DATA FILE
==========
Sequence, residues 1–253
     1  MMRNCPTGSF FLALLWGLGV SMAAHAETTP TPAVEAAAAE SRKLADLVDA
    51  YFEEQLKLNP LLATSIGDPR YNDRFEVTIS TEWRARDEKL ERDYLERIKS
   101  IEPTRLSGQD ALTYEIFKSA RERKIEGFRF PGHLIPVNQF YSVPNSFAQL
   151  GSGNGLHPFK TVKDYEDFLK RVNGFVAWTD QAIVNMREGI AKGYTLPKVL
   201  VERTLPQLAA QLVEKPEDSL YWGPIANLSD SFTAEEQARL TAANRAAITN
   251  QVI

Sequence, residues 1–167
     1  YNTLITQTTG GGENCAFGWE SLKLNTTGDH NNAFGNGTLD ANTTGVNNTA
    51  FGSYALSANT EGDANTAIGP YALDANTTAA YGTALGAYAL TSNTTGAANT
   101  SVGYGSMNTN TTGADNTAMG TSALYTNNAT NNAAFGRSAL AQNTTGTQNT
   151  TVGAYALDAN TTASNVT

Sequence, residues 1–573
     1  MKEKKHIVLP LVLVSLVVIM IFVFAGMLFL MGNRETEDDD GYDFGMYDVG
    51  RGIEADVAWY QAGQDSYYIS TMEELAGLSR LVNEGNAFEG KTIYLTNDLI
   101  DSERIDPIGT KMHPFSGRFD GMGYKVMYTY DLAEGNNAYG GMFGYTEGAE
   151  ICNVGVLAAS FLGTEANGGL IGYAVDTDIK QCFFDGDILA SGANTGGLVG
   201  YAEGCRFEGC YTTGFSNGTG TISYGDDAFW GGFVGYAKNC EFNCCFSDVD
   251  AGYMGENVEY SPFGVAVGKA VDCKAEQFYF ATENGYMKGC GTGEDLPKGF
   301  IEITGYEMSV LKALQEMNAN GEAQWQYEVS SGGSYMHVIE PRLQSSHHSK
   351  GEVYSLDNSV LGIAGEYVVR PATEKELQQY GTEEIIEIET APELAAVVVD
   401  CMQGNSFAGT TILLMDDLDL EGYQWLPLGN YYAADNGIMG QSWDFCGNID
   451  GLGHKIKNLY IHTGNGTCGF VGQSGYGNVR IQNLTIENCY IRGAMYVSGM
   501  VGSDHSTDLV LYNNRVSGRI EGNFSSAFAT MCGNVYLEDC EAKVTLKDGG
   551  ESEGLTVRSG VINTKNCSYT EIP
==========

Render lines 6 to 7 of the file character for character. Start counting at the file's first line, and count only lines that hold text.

   201  VERTLPQLAA QLVEKPEDSL YWGPIANLSD SFTAEEQARL TAANRAAITN
   251  QVI